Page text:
Bachelor of science degrees in political science and in public administration and policy analysis, University of Wisconsin-Stevens Point
Higher education policy, policymaking processes, state government
Why an MPA?
I have been interested in politics and public service for my whole life. I also took a high school course titled American Public Policy Special Emphasis (APPSE) that allowed me to dive into topics like the evolution of the Constitution, the Bill of Rights, contemporary political issues, the philosophers that the country’s values are based on, etc. The teacher was very passionate about this subject and did everything that he could to make sure that students got the most out of the experience. In addition, I served as vice president of UW-Stevens Point’s student government.
Why the La Follette School?
I always wanted to work in the State Legislature, and this is one of the top schools in the country. The Wisconsin Idea, connecting classroom to public service, and the strong focus on quantitative skills also were appealing
A career in the Wisconsin Legislature
How has the La Follette School prepared you to meet this goal?
I am lucky enough to have a boss – State Rep. David Murphy – who values my education at La Follette. He let me have a flexible schedule as I worked full time and took classes part time. My experiences at La Follette make me much better at my job, especially when it comes to analyzing policy, using evidence to create smart public policy, and being a good consumer of research. Often I can take projects, research, and connections from La Follette and apply it to my work.
Advice for prospective La Follette School students
Look for opportunities to apply your work. Network, network, network!
College affordability is a hot topic in politics right now, and my boss wanted to do something that addressed the problem. He gave me some criteria on what he wanted and asked me to come up with ideas. Using my La Follette training, the first thing I did was define the scope of the problem.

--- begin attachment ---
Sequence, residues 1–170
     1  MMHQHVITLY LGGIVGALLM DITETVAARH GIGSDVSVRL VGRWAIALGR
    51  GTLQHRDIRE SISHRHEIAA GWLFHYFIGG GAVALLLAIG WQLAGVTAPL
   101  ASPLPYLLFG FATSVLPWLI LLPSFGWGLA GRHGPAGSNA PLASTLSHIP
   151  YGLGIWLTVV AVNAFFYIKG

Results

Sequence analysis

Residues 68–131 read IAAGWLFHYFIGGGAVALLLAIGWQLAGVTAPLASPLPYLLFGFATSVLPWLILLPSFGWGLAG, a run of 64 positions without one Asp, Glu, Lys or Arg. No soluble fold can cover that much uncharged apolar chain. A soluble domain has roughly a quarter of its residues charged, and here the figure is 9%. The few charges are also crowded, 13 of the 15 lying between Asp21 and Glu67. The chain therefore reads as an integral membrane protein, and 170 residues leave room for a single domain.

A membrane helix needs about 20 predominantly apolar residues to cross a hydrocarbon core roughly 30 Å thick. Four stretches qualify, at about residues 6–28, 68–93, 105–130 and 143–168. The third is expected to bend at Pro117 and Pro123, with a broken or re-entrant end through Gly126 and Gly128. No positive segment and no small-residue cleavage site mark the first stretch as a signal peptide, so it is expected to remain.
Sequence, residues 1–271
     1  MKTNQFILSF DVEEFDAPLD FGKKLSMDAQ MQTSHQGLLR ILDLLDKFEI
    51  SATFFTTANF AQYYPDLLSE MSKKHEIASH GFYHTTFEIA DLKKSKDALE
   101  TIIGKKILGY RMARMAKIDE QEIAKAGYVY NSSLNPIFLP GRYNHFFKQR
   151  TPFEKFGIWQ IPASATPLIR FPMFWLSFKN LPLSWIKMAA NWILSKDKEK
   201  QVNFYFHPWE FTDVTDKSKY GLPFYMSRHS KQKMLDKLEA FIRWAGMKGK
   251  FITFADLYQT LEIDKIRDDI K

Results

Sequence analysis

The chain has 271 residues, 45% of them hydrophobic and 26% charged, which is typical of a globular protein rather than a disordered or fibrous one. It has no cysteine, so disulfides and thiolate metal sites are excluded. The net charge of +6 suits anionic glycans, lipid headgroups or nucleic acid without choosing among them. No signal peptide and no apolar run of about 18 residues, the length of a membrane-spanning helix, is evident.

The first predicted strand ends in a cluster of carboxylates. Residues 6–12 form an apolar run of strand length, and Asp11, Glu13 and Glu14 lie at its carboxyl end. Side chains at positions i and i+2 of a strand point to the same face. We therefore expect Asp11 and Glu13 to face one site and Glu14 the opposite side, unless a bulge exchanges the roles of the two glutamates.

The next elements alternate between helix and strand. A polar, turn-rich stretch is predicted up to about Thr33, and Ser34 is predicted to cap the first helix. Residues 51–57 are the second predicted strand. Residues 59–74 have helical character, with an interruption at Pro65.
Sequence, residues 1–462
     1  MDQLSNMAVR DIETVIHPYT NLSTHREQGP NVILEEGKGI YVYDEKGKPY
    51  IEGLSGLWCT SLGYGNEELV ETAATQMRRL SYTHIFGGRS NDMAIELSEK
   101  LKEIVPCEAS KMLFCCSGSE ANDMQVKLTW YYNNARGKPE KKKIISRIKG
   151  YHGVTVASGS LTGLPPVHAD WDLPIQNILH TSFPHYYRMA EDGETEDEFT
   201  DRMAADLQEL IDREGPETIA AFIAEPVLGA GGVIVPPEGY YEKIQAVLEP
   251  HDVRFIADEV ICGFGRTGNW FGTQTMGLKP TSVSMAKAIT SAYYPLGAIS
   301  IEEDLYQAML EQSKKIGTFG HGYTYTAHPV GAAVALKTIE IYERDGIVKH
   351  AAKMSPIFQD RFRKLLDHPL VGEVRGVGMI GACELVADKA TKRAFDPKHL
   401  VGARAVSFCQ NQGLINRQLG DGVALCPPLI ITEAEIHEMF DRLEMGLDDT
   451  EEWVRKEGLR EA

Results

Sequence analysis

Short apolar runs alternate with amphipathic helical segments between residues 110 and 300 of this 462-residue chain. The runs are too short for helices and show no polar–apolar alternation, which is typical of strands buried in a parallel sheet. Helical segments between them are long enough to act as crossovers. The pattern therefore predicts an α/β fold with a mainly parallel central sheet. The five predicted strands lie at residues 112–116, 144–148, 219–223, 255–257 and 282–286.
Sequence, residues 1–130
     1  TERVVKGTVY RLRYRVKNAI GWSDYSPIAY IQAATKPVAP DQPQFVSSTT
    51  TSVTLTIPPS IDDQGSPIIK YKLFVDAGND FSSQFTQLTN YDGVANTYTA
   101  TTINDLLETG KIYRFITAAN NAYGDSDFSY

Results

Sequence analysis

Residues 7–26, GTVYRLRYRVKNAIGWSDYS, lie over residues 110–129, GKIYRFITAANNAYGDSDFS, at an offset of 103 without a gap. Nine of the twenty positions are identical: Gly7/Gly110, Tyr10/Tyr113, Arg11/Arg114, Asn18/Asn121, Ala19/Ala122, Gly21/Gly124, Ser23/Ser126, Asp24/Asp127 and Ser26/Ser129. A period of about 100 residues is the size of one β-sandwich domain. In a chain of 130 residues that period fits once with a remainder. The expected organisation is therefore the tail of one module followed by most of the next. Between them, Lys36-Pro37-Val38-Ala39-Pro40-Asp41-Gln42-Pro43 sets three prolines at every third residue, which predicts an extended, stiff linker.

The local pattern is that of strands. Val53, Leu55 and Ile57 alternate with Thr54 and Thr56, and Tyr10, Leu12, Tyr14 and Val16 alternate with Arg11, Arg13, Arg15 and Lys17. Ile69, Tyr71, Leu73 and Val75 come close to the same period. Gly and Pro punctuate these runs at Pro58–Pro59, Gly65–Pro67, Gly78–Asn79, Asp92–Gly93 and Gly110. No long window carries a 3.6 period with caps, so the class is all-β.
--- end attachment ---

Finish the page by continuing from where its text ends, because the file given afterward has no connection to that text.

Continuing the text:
It’s common for people to talk about the high levels of debt that an average four-year graduate in Wisconsin has and how student debt has topped over $1 trillion. However, when I dug into the research and literature, my perspective changed.
In fact, a study by La Follette School faculty affiliate Nicholas Hillman looked at the issue differently. He found that it’s not four-year graduates with debt that have difficulty making payments; it is students who go to college, don’t graduate, and have smaller amounts of debt – especially students attending technical schools and two-year colleges.
This made Rep. Murphy’s office look at the problem differently. Instead of targeting the average four-year graduate, we looked for solutions that can help students stay in school – and graduate – so they can get a job and have the earning power to pay back their debt. This resulted in the several bills:
- Wisconsin Grants (Act 281): Benefits over 1,000 technical college students by increasing the needs-based Wisconsin Grants by $1 million in the biennium.
- Emergency Grants (Act 282): Provides $450,000 for emergency grants to keep students in school who experience a financial emergency.
- Department of Workforce Development (DWD) Internship Coordinators (Act 283): Uses existing money to create two positions at DWD to connect employers with Wisconsin universities and create internship opportunities.
- Financial Literacy (Act 284): Requires all higher education institutions to send students an annual letter with information about their loans so they can make better decisions about their financial future.
- AB 739: Eliminate cap on the tax deduction for student loan interest: This would save student loan debt payers about $5.2 million annually by allowing them to deduct all interest paid on student loans.
- AB 743: UW Internship Coordinators: Provide $500,000 for the UW System to create internship coordinators that connect employers with UW institutions and create internship opportunities.
Unfortunately AB 739 and AB 743 did not become law, but the other four bills did and already have begun to benefit students.
The other step in the policy process is program evaluation, so I have kept in contact with the higher education officials to monitor the progress of the programs and make adjustments, if necessary. For instance, in the first couple months of implementing the emergency grant program, the technical colleges reported that 249 students benefited from these grants.
It has been a great experience to be a part of each phase of the process, from the policy analysis stage, policymaking process, policy implementation, and program evaluation. In each step, evidence has helped us create good public policy, and my La Follette training has given me the skills to execute the plan. Now, I am happy to report that these policies have begun to help more students complete their education in Wisconsin.